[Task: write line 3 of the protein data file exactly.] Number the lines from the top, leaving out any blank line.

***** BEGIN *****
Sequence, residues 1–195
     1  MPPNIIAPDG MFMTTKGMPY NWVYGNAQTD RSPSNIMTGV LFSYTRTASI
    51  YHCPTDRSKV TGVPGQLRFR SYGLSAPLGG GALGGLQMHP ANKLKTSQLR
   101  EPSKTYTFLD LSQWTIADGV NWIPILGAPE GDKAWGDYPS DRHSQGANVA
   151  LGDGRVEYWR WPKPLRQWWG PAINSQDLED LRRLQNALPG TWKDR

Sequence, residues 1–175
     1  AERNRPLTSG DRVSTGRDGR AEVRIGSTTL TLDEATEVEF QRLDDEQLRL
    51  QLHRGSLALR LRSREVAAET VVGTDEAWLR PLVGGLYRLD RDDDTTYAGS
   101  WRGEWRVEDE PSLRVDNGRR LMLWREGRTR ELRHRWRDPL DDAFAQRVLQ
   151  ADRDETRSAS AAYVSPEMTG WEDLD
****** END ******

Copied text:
    51  YHCPTDRSKV TGVPGQLRFR SYGLSAPLGG GALGGLQMHP ANKLKTSQLR